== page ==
Legislator gets lesson in the classroom

05/08/2014 9:06 PM

05/09/2014 12:07 AM

State Rep. Charles Jeter thought he knew how difficult it was to be a teacher – until Thursday.

Jeter spent all morning and afternoon volunteering in a fourth-grade classroom at Stoney Creek Elementary School, in northeast Mecklenburg County near Mallard Creek High School.

“I didn’t realize how difficult it really was until today,” the Huntersville Republican said. “It’s organized chaos.”

As for teacher Weslyn Snuggs, who invited the District 92 representative to spend a day in her classroom? “She deserves a gold medal,” Jeter said.

Snuggs taught for 19 years in Cabarrus County Schools and has been with Charlotte-Mecklenburg Schools for six years. She works two jobs to make ends meet, she said, and once held four jobs at one time.

Snuggs invited Jeter to return to Stoney Creek when he met with the school’s teachers last week. He wanted to hear their concerns before returning to Raleigh next week for the legislative short session where teacher pay, Common Core and other education issues are expected to be discussed and possibly come up for votes.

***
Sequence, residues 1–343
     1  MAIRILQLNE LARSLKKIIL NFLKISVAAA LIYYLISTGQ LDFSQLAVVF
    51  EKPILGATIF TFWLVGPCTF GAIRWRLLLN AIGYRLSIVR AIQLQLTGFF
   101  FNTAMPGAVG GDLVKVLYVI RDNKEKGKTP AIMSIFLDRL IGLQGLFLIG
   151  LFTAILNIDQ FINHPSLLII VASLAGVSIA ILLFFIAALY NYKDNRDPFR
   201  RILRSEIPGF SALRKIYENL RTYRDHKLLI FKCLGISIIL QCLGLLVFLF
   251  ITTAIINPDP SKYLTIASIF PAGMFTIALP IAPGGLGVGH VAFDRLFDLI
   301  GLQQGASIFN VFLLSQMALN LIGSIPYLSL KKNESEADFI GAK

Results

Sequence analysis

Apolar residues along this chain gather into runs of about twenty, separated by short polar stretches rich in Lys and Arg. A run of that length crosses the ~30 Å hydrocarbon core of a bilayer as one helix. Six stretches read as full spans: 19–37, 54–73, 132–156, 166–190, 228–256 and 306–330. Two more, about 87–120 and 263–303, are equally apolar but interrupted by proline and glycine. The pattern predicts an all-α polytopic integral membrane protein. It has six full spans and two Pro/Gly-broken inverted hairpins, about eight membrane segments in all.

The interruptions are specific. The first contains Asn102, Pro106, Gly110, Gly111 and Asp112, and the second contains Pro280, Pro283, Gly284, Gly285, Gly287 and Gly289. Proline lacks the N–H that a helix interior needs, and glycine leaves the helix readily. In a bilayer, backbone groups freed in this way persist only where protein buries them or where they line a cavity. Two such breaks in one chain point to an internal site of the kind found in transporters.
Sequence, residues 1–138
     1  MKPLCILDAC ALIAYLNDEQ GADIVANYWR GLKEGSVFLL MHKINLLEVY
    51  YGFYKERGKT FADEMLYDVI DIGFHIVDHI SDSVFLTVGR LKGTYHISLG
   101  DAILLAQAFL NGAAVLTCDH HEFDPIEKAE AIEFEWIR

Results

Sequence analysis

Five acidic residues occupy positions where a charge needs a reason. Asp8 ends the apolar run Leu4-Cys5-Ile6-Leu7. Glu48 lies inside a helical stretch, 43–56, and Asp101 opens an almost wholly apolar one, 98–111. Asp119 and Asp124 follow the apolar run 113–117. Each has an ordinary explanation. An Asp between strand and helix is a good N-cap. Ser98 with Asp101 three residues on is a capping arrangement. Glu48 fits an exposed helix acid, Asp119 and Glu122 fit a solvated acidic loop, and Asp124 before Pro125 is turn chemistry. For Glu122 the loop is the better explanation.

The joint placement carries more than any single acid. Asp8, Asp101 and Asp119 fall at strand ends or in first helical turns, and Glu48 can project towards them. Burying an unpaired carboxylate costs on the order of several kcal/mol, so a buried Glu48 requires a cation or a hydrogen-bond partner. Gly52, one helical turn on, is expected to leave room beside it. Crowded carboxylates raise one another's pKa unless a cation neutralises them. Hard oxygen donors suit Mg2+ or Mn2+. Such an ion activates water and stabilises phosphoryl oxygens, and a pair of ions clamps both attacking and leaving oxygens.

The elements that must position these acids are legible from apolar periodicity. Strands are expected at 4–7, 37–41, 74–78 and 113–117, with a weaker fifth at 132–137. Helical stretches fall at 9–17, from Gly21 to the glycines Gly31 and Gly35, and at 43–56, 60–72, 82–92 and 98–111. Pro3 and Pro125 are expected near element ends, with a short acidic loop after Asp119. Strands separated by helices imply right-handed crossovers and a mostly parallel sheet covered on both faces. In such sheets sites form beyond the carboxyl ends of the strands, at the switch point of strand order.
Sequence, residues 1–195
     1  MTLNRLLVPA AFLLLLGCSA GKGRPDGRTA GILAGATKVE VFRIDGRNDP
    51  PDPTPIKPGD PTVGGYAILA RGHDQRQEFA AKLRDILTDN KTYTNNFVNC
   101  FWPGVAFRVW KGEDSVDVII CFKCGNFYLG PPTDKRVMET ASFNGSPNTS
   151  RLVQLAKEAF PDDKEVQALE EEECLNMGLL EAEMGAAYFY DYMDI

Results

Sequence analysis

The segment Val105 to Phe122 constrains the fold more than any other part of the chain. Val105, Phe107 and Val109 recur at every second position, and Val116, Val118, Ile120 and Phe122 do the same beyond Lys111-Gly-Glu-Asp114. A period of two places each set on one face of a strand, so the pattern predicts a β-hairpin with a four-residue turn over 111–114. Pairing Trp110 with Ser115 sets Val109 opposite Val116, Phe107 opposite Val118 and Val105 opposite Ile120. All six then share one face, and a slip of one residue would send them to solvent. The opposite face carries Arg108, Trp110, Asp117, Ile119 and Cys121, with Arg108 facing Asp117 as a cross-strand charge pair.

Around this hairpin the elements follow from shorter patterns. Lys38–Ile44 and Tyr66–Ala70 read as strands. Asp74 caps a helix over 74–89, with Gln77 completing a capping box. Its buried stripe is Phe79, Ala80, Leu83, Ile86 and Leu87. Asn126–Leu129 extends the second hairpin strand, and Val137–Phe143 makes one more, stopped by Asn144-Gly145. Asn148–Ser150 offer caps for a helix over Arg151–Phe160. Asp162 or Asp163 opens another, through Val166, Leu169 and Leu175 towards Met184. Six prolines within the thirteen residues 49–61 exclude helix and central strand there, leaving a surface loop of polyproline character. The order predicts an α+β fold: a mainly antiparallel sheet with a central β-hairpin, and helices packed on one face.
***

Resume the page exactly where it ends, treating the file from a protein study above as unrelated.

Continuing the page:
Jeter went from one student to the next helping them with their math problems.

Jeter was so busy after arriving about 7 a.m. that he hadn’t once gone to the restroom throughout the school day, he said.

“We haven’t stopped,” he said. “There’s no five-minute breaks. There’s no, ‘I’m going to call my mom to see how she’s doing.’ It’s those little conveniences of life you forget” teachers go without. “Most of the time, she’s in here by herself. She can’t go to the restroom.”

Jeter, whose children are in seventh, fifth and first grades, said he’s always been an education advocate. As a Huntersville town commissioner, he started the Huntersville School Advisory Committee. “I’m a parent, first and foremost,” he said. “So it’s important to me.”

Snuggs said she wonders how the General Assembly can make informed decisions about teachers when most haven’t been in a classroom in years. Of Jeter, she said, “I hope he takes this experience back to Raleigh and makes it real.”

That, Jeter agreed, is precisely his challenge.

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